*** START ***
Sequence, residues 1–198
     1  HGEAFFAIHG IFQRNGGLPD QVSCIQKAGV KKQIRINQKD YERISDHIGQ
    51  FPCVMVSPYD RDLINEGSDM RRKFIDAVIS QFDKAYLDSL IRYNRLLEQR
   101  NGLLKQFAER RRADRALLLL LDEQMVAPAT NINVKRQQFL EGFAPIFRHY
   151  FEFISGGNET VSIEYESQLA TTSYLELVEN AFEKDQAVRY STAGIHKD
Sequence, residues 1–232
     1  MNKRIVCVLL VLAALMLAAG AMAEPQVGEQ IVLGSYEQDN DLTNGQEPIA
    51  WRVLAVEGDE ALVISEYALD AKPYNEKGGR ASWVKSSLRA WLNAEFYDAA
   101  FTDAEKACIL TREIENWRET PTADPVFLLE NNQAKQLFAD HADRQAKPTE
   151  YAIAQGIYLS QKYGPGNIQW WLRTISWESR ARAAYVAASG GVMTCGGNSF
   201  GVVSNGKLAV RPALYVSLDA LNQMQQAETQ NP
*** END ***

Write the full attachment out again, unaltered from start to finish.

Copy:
Sequence, residues 1–198
     1  HGEAFFAIHG IFQRNGGLPD QVSCIQKAGV KKQIRINQKD YERISDHIGQ
    51  FPCVMVSPYD RDLINEGSDM RRKFIDAVIS QFDKAYLDSL IRYNRLLEQR
   101  NGLLKQFAER RRADRALLLL LDEQMVAPAT NINVKRQQFL EGFAPIFRHY
   151  FEFISGGNET VSIEYESQLA TTSYLELVEN AFEKDQAVRY STAGIHKD
Sequence, residues 1–232
     1  MNKRIVCVLL VLAALMLAAG AMAEPQVGEQ IVLGSYEQDN DLTNGQEPIA
    51  WRVLAVEGDE ALVISEYALD AKPYNEKGGR ASWVKSSLRA WLNAEFYDAA
   101  FTDAEKACIL TREIENWRET PTADPVFLLE NNQAKQLFAD HADRQAKPTE
   151  YAIAQGIYLS QKYGPGNIQW WLRTISWESR ARAAYVAASG GVMTCGGNSF
   201  GVVSNGKLAV RPALYVSLDA LNQMQQAETQ NP